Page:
I could say more. But here is the essay. Read and consider its implications for our own strategy. [SIG] Continue reading
by Robert Henderson
Note: The key quote here is that “the [Leveson] Inquiry is not intended to be more than PR exercise and, as with virtually any government instigated inquiry, any evidence which may seriously damage those with power, wealth or influence is to be suppressed. It is scandalous.” It may be that these things were manipulated with more finesse in the past. On the other hand, it may just be that the Internet now lets us see gross manipulations that would once have gone unreported by the media.
I’ve paid less attention to the Leveson Inquiry than I perhaps should have. Even so, it appears reasonable to suppose that its purpose is to soften us up for something approaching a formally licensed and censored media in this country, while making sure that no media person of any standing with the ruling class should suffer harm.
- There is no doubt that Piers Morgan admitted in 1997 to obtaining information from the Police in a manner that suggests impropriety.
- There is no doubt that he testified in 2011 that he had never paid for information from the Police.
- Surely, he should be asked to clarify in what circumstances he received information from the Police in 1997.
Robert Henderson’s trench battles with the British State are often hard to follow. But this possible discrepancy between what Mr Morgan has said on two occasions is easily grasped. [SIG] Continue reading
by Emma Goldman (1940)
The individual is the true reality in life. A cosmos in himself, he does not exist for the State, nor for that abstraction called “society,” or the “nation,” which is only a collection of individuals. Man, the individual, has always been and, necessarily is the sole source and motive power of evolution and progress. Civilization has been a continuous struggle of the individual or of groups of individuals against the State and even against “society,” that is, against the majority subdued and hypnotized by the State and State worship. Man’s greatest battles have been waged against man-made obstacles and artificial handicaps imposed upon him to paralyze his growth and development. Human thought has always been falsified by tradition and custom, and perverted false education in the interests of those who held power and enjoyed privileges. In other words, by the State and the ruling classes. This constant incessant conflict has been the history of mankind.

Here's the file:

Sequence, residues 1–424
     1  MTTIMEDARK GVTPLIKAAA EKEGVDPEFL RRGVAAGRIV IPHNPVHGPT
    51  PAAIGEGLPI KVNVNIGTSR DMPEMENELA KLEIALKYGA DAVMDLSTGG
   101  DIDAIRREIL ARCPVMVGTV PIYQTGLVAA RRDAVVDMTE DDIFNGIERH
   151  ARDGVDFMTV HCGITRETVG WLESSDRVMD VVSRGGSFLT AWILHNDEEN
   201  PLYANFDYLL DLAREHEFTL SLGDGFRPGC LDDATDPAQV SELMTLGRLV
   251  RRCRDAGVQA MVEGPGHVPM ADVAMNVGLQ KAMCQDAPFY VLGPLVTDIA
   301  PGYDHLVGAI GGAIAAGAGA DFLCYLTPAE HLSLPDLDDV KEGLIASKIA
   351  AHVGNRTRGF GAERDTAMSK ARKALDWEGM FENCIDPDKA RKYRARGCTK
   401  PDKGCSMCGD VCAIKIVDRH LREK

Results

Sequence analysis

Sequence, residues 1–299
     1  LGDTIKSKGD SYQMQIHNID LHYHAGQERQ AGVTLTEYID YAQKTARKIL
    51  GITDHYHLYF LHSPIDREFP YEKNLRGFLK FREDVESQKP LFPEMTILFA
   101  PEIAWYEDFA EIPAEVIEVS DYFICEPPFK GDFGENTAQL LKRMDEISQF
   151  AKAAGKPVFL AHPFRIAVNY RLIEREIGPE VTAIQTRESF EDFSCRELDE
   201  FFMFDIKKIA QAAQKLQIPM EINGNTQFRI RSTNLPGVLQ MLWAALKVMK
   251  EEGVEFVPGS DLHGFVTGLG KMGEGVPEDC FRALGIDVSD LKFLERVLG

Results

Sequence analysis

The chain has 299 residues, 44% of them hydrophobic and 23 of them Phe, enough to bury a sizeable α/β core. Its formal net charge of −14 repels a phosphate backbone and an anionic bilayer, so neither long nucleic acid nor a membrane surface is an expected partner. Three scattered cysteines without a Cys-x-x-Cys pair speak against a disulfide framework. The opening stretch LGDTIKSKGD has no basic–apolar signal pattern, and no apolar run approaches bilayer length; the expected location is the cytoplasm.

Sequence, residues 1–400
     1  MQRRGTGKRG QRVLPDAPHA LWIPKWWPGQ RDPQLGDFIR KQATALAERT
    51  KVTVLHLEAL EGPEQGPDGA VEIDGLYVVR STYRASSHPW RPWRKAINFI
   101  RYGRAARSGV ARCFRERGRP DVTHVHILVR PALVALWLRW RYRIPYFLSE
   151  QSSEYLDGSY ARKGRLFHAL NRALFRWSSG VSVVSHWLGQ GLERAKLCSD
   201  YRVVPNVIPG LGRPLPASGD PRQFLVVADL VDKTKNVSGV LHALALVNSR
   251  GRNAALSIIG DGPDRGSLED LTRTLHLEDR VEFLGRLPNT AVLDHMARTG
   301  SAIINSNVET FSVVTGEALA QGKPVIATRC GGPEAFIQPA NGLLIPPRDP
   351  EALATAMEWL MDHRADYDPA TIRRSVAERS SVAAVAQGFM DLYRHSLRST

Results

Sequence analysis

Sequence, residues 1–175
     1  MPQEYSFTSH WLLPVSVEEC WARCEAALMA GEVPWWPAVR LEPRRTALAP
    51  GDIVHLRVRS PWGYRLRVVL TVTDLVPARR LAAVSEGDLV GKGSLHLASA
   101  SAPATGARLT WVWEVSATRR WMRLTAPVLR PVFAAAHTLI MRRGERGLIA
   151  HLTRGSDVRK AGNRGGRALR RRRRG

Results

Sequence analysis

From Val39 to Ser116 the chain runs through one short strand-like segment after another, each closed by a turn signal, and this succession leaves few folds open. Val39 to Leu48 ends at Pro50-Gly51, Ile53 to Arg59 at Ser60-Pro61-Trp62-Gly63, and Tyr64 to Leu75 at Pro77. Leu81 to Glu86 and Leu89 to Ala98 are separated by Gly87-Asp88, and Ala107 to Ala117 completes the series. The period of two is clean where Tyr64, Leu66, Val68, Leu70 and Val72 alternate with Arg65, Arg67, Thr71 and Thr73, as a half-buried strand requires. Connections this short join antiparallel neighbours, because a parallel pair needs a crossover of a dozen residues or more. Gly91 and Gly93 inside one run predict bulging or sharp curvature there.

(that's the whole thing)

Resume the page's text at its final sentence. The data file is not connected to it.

by Stephan Kinsella
Down with anti-market “anarchists”
There’s a lot of noise being made by the left- and mutualist-libertarian crowd about the arrest of some so-called “anarchists” (scare quotes because anti-market “anarchists” are not real anarchists, i.e. anarcho-libertarians) and seizure by the police of “anarchist” and anarchist literature, including some by mutualist-libertarian Kevin Carson. From what I can gather from various incoherent media and blog descriptions, an “anarchist” group called the RNC Welcoming Committee was going to protest the Republican convention in Minnesota; some market anarchists tried to join up to make some inroads with the commie “anarchists”, and some Ron Paul supporters. For some reason the cops made arrests and seized literature, which included some of Carson’s writings. Continue reading
“England was a much better place when ruled by a committee of aristocratic landlords. All experience of the past 127 years has shown that ordinary people are not to be trusted with public affairs. They have consistently failed to see through the rogues and charlatans who have progressively monopolised English politics since the Third Reform Act, and have been too numerous to feel or be exposed to any sense of personal shame at this failure. The only way that England can now be saved is by a Caesaristic dictatorship, after which a restored Constitution will restrict the vote and access to elected office to persons of good character.”
Evaluate and critically discuss this anonymous, though wholly sound, comment. Candidates are encouraged to make some reference to the failed reforms that Sulla made to the Roman Constitution, and to the more thoroughgoing reconstuction by Julius Caesar, and to the final settlement by Augustus. Additional marks will be given to those candidates who recognise Gladstone as the proto-Blairite wrecker that he was. Candidates who use American spellings, or make any reference to the politics or history of the United States, will be failed without right of appeal.
HO11Y SF … S3VVY … P11KY D … BIG 2283 … ROG11E … N1’5 NAT (“Nat” was probably “Natalie” and very clearly the astonishingly hour-glass-shaped blonde female chattel of someone clearly called “Nigel”, who was not actually present at the time…the vehicle was a black Merc 500SLK or something similar) … S1’5 TOY… (seen shortly after the previous one…) … S44MY B …
When, in a family I was teaching the son and daughter of, I asked the dad what he was getting the boy for his 18th, he replied “a personal number plate”. “Why?” I asked. “On t’road, people will know who he is, then”.
by Sean Gabb
In the past few days, I’ve had this alleged quote from Kark Marx sent to me about a dozen times: